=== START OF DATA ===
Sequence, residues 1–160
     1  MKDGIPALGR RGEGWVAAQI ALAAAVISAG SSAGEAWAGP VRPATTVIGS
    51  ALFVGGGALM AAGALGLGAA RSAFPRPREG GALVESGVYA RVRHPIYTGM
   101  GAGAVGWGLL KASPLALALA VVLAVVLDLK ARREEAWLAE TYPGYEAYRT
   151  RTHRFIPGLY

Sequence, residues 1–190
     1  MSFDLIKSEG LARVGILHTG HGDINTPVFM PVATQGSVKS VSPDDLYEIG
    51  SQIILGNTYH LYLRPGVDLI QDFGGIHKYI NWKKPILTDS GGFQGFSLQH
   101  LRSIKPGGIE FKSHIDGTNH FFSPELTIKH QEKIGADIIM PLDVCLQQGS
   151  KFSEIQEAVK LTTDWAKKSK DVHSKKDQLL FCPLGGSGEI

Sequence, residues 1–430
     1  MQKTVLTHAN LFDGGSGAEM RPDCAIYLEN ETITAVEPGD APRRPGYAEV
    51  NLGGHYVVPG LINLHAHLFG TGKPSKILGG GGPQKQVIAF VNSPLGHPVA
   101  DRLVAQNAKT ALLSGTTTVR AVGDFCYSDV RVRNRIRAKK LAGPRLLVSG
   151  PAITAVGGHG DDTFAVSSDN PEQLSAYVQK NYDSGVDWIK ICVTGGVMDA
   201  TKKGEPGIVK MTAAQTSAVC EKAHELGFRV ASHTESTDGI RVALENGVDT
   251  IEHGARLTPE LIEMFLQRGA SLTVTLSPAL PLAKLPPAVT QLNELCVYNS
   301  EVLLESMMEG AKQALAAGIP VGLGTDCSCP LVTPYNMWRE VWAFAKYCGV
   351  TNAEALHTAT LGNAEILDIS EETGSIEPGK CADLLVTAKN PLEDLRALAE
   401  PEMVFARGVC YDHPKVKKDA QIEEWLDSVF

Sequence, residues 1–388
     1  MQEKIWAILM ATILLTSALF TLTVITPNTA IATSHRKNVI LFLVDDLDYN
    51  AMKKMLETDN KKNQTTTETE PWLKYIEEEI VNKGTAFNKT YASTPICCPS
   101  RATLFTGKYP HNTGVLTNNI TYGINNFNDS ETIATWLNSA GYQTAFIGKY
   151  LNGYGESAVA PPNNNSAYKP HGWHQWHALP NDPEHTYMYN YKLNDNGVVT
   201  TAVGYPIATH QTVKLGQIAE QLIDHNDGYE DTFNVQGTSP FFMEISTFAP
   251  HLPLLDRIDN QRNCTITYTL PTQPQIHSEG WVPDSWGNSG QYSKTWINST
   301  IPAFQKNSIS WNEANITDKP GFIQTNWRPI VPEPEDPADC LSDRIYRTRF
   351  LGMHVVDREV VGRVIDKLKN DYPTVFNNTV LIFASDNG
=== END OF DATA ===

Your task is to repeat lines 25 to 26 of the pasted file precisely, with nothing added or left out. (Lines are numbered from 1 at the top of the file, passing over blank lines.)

   151  LNGYGESAVA PPNNNSAYKP HGWHQWHALP NDPEHTYMYN YKLNDNGVVT
   201  TAVGYPIATH QTVKLGQIAE QLIDHNDGYE DTFNVQGTSP FFMEISTFAP